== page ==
[Numpy-discussion] Floating Point Difference between numpy and numarray

David Cournapeau cournape@gmail....
Tue Sep 9 01:25:19 CDT 2008


On Tue, Sep 9, 2008 at 6:55 AM, Sebastian Stephan Berg
<sebastian@sipsolutions.net> wrote:
> Yeah, I memory wise it doesn't matter to sum to a double, but just
> trying around it seems that the mixing of float and double is very slow

Yes, the memory argument explains why you would float32 data vs
float64 data, not the accumulator (that certainly what Matthieu
meant). Having an accumulator of float64 means you don't care so much
about speed, but more about memory, and are willing to trade speed for
less memory.

> (at least on my comp) while if the starting array is already double
> there is almost no difference for summing. Generally double precision
> calculations should be slower though. Don't extensions like SSE2 operate
> either on 2 doubles or 4 floats at once and thus should be about twice
> as fast for floats? For add/multiply this behaviour is for me visible
> anyways.

We don't use SSE and co in numpy, and I doubt the compilers (even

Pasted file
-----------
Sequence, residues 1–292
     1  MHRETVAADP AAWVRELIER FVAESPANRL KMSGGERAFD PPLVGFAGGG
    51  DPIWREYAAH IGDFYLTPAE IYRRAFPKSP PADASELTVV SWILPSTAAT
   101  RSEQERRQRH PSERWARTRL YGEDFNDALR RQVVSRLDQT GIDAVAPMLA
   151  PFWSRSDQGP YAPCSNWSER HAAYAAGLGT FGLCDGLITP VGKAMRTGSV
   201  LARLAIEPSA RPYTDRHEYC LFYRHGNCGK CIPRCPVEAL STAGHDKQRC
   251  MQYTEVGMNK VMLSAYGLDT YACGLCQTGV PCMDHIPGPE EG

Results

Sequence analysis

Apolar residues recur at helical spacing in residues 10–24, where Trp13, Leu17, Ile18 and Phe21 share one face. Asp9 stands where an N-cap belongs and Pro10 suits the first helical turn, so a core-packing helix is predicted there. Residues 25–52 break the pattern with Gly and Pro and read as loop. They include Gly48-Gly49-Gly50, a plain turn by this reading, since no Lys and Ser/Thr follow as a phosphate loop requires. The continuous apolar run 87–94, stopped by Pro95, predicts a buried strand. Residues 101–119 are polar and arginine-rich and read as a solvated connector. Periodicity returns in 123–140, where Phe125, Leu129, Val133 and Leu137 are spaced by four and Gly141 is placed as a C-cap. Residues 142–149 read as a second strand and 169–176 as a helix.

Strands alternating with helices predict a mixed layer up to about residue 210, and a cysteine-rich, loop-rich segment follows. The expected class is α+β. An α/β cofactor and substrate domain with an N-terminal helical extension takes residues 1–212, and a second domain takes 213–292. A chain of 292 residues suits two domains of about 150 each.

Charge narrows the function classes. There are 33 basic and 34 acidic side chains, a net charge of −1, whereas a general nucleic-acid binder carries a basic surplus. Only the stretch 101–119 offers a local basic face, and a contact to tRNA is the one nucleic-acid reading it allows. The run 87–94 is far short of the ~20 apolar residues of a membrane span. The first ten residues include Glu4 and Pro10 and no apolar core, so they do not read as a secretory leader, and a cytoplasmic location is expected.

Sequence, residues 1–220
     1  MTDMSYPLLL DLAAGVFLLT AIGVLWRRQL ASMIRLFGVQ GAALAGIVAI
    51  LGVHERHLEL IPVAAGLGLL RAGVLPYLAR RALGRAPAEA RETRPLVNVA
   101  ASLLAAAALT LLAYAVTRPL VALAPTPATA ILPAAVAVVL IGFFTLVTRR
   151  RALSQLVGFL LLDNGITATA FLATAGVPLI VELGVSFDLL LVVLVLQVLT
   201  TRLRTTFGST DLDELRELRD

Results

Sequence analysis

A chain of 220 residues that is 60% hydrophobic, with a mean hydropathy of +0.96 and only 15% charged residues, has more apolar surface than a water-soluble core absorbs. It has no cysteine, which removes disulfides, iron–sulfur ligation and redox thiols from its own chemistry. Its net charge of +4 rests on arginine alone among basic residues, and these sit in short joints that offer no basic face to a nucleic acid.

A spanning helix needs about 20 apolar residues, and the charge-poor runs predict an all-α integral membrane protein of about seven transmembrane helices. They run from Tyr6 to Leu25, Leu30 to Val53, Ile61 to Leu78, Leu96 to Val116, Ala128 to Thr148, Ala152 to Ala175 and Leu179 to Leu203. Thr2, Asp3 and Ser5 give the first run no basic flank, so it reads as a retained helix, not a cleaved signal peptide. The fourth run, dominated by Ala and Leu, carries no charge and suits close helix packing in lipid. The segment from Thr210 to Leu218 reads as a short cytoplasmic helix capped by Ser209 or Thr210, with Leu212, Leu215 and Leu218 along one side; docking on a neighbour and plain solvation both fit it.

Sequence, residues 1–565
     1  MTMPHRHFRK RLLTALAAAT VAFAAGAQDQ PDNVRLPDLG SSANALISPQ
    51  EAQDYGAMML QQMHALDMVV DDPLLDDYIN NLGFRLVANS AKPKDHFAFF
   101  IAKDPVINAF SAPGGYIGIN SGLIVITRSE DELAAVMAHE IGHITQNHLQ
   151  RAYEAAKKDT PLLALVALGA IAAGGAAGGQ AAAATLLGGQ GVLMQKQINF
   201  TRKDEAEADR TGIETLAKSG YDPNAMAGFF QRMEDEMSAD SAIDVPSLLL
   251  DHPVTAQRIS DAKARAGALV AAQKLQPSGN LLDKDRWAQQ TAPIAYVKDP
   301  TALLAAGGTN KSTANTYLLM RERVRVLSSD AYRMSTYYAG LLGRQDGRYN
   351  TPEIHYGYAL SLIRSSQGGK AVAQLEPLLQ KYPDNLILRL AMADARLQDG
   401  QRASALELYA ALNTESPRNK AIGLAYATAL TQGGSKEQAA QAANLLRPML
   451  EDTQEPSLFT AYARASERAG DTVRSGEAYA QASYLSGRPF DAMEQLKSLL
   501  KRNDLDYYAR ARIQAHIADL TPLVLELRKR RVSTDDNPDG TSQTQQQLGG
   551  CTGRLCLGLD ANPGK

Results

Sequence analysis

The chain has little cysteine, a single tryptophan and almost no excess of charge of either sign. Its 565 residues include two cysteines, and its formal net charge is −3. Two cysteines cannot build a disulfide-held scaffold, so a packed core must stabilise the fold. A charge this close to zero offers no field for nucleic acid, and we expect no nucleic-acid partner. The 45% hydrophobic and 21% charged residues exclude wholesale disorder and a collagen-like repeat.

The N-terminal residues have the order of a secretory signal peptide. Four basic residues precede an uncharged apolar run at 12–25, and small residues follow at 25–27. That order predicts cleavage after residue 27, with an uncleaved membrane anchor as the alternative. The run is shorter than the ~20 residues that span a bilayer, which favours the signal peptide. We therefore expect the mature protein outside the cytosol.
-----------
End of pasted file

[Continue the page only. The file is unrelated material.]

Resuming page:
Intel one) are able to generate effective SSE for numpy ATM. Actually,
double and float are about the same speed for x86 (using the x87 FPU
and not the SSE units), because internally, the register is 80 bits
wide when doing computation. The real difference is the memory
pressure induced by double (8 bytes per items) compared to float when
doing computation with double, and for certain operations, for a
reason I don't understand (log, sin and co are as fast for float and
double using the FPU, but sqrt and divide are twice faster for float,
for example).

I don't have any clear explanation on why mixing float with a double
accumulator would be slow; maybe the default code to convert float to
double - as generated by the compiler - is bad. Or maybe numpy does
something funny.

cheers,

David


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